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Geofence Time Tracking: Building Modern Timesheet Apps

We're big users of the Harvest app. Which let's us manage our time by automatically starting/stopping timers when we arrive/leave the office. But from so many of us using the app, we unsurprisingly found a few ways it could be improved... With new and improved settings, the app uses geofencing to customise notifications and let people outside of CUBE use the app. Here's how we built the Sundown app for Harvest.



What is the Harvest time tracking app?

Harvest is an app 3 SIDED CUBE use on a daily basis.

Where’s my time going?

How much will projects cost?

What’re my team’s schedules looking like over the next few weeks?

Just a few of the questions that Harvest provides the answer to.

From time tracking to scheduling, organising your team, invoicing and even budgeting. The app is fundamental to our process and the way we manage our projects and our teams.

And it works great…

BUT, almost every morning and every time I get back from lunch I am greeted with this…

Harvest Idle Notification
A useful app feature, unfortunately...

At least in my experience, attempting to use the “Remove 1:34 of Idle Time” often results in a “Sorry your timer was stopped elsewhere” error or results in all of my timer being removed.

To solve this problem?

I decided to build a small app that would enable and disable my harvest timers based on my proximity to the office. When I arrive at the office I wanted to be reminded to start my timers for the day and when I leave I just want the timer stopped automatically.

HarvestKit SDK (Software Development Kit).

Two years ago I began work on an SDK called HarvestKit that enables easy access to the Harvest Time Tracking API.

The project has sat dormant for quite some time although it was listed by Harvest as the only Swift SDK to integrate with their service at the time of its release.

HarvestKit Swift SDK
What is the Sundown for Harvest app?

An iOS mobile app that uses geofencing to work out when you arrive and leave the office.

What is geofencing?

Geofencing uses network-based location identifiers (GPS/Wi-Fi/Cellular Data) to serve ads, alerts, notifications and other prompts to users who enter or exit a virtual perimeter, or ‘fence’…

This can be as simple as a circle drawn 100 feet around a location on Google Maps, as specified using APIs when developing a mobile app.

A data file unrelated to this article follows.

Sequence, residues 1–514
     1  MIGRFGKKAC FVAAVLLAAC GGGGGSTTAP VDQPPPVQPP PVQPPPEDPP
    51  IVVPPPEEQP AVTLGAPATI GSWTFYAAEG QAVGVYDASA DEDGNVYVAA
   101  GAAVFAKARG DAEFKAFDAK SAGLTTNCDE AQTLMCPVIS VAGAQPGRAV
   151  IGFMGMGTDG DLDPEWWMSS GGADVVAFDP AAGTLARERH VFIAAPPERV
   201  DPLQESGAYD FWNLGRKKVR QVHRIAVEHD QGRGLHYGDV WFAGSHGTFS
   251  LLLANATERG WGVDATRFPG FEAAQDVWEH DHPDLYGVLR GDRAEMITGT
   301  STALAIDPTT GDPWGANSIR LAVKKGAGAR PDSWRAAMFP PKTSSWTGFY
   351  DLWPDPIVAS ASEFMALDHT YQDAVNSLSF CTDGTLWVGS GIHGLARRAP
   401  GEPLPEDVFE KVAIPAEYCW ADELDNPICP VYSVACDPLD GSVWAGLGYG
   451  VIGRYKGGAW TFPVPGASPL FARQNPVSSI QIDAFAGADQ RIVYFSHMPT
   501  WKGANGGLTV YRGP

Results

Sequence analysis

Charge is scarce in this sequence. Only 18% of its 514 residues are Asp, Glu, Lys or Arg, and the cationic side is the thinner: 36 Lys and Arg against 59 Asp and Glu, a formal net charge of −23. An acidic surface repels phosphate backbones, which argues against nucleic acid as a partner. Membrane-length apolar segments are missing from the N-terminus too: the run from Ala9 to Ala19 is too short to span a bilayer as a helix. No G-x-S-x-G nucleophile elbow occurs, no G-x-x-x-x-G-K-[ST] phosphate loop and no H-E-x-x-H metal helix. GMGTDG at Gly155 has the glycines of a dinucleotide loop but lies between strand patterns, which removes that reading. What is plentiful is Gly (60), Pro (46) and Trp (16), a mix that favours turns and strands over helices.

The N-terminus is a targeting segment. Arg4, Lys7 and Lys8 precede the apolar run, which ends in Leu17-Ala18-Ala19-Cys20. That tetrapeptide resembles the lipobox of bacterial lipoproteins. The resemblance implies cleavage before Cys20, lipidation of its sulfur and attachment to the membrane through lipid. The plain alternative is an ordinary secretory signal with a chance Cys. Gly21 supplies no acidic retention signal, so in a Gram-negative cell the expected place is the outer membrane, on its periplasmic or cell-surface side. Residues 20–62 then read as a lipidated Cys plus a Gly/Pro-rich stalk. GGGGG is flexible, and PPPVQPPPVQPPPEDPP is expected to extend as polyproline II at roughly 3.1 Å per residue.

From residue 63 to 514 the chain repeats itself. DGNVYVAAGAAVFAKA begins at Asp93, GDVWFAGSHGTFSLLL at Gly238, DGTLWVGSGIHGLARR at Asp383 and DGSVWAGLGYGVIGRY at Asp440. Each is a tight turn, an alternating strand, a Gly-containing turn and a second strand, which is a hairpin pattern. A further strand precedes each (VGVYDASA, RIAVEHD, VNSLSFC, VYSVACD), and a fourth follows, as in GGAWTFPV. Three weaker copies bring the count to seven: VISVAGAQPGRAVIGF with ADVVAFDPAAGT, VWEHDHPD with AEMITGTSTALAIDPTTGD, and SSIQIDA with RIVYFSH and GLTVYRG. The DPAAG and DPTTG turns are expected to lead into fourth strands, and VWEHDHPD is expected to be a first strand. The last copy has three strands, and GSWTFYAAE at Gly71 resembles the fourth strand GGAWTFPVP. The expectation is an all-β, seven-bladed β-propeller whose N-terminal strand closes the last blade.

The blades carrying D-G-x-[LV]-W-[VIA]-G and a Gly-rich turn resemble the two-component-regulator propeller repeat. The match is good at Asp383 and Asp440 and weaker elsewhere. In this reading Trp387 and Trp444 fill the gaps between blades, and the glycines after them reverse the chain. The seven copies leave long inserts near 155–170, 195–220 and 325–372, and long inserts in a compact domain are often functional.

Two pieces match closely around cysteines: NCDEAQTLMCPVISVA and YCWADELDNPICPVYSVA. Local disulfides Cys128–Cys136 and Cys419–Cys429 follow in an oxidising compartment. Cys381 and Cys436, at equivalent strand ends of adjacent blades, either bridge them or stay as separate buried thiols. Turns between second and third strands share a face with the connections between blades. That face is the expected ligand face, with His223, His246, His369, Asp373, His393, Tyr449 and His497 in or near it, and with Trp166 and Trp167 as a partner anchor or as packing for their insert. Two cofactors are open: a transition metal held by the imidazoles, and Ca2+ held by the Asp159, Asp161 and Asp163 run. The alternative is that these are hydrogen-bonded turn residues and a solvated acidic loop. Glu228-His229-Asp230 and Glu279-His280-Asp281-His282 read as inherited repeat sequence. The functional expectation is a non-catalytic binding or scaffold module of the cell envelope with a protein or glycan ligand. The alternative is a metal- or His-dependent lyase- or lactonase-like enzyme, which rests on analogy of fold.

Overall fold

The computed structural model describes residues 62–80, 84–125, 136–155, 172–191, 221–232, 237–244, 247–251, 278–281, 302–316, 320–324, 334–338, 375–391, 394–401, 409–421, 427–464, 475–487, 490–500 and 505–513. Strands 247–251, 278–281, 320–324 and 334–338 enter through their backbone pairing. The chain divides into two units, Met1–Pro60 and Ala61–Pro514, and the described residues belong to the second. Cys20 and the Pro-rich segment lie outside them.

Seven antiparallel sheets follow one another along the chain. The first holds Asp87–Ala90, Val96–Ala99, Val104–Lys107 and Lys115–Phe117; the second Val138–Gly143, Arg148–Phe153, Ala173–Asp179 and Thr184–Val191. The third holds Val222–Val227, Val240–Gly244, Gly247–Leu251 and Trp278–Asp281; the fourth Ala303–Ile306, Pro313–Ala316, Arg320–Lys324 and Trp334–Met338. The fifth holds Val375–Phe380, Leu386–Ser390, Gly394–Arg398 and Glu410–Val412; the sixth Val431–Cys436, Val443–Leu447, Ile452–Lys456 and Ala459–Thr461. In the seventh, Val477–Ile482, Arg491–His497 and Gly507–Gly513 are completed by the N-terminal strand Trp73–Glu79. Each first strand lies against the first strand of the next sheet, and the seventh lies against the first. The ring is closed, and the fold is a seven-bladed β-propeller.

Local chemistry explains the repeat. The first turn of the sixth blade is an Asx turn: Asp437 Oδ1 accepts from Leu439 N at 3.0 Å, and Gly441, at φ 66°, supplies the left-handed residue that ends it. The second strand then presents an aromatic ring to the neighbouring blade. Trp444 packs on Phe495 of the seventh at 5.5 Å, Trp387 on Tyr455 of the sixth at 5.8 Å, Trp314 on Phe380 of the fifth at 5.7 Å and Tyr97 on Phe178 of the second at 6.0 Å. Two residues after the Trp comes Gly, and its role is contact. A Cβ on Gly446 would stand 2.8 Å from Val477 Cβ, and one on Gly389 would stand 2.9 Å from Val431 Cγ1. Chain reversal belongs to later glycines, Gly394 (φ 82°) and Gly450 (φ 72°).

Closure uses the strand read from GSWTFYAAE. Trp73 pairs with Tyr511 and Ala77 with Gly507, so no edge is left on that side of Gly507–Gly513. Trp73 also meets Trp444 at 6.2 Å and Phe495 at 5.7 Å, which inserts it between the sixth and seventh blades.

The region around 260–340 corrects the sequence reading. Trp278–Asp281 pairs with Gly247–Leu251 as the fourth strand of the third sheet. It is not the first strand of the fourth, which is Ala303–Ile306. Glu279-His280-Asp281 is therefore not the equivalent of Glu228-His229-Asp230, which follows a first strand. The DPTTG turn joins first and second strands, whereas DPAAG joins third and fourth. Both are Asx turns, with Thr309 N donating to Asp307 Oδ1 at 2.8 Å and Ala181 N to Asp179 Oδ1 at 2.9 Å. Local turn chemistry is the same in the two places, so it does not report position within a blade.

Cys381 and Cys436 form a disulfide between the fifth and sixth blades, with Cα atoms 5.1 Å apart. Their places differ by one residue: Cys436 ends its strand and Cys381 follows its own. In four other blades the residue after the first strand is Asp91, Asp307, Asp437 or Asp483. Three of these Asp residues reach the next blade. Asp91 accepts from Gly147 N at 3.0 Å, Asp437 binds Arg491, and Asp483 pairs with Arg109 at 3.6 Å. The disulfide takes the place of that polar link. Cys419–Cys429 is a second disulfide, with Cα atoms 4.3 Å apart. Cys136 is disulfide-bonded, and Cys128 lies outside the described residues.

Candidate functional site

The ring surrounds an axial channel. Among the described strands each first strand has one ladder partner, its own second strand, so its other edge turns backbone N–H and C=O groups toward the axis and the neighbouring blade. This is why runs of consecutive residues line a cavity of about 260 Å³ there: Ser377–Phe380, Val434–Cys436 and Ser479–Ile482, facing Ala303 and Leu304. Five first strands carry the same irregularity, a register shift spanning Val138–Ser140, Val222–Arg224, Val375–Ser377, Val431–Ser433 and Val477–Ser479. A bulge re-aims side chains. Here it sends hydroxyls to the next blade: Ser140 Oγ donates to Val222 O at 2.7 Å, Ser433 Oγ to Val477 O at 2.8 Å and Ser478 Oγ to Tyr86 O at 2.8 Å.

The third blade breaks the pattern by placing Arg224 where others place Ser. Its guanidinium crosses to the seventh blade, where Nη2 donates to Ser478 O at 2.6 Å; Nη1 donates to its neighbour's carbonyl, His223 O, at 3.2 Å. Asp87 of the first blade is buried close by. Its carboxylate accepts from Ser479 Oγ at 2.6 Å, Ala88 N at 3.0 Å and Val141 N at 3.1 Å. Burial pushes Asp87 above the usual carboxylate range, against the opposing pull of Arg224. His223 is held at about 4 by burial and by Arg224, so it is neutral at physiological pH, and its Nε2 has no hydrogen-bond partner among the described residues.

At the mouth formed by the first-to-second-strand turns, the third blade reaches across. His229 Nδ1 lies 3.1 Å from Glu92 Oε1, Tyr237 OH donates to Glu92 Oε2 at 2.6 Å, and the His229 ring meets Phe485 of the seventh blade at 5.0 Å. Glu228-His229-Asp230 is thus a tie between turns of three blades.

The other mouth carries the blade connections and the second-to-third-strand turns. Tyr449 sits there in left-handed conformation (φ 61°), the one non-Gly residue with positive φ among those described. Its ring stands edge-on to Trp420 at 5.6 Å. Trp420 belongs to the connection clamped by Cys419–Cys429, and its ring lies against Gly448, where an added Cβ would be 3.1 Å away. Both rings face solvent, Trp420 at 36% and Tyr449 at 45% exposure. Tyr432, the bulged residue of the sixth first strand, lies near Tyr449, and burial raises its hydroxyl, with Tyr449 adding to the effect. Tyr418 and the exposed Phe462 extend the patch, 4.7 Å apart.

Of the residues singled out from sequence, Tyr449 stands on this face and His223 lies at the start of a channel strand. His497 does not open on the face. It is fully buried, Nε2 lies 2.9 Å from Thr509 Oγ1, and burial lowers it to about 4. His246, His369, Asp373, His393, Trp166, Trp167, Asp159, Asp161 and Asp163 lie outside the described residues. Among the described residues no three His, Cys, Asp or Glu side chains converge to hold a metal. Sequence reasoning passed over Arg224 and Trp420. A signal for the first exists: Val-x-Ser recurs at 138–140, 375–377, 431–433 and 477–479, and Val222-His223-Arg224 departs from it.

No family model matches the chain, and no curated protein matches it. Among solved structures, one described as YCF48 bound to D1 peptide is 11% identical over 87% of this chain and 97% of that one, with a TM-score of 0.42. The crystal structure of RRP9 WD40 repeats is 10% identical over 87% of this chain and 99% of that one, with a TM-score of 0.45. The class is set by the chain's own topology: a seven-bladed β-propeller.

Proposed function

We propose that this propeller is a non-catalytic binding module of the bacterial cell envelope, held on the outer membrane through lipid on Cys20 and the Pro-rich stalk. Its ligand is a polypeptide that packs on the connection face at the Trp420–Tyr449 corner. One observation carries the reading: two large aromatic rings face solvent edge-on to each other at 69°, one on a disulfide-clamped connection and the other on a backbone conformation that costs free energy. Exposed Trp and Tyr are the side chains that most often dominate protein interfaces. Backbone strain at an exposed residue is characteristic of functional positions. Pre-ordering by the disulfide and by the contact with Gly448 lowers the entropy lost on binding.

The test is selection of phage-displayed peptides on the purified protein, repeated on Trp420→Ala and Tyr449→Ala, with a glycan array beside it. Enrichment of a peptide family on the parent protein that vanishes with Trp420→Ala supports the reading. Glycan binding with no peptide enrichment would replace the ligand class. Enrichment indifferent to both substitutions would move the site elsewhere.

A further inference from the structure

Sarah White, CIO.

This ‘fence’ radius is created around a specific location, which can range from an entire country to a single building. And used for some really interesting things from local Snapchat filters to monitoring devices entering/exiting areas with high-level security.

So The Sundown app… uses Geofencing to monitor devices in our office and send notifications to these devices as they enter/exit the outlining ‘fence’.

An Example of Geofencing

What does the app do?

Arriving At The Office…

Sundown will give you ten minutes to get your coat off, make a coffee and sit down at your desk before politely prompting you via a notification to start a timer. Which you can do directly from the notification with the press of a button, so you don’t need to worry about choosing a project or task.

Leaving The Office… 

At the end of the day you don’t need to worry about stopping your timer before you leave. Throw on your coat and walk straight out of the door. Once sundown detects that you have left the office it will stop your timers automatically and let you know.

The new settings screen…

Lets you decide if you want the app to take care of arrival and/or exit notifications and also allows you to change the location of the office so that people outside of CUBE can use the app.

Sundown App for Harvest Settings

The future of our Sundown app for Harvest?

Currently, this app is just for personal and internal use but it’s very close to being in a position where I could take it on as a full-time mobile app development project and submit it to the App Store.

If I get some time in the future I may consider doing exactly that.

Is the Sundown for Harvest app something you would use? Tweet us and let me know!

Published on March 9, 2018, last updated on March 15, 2023

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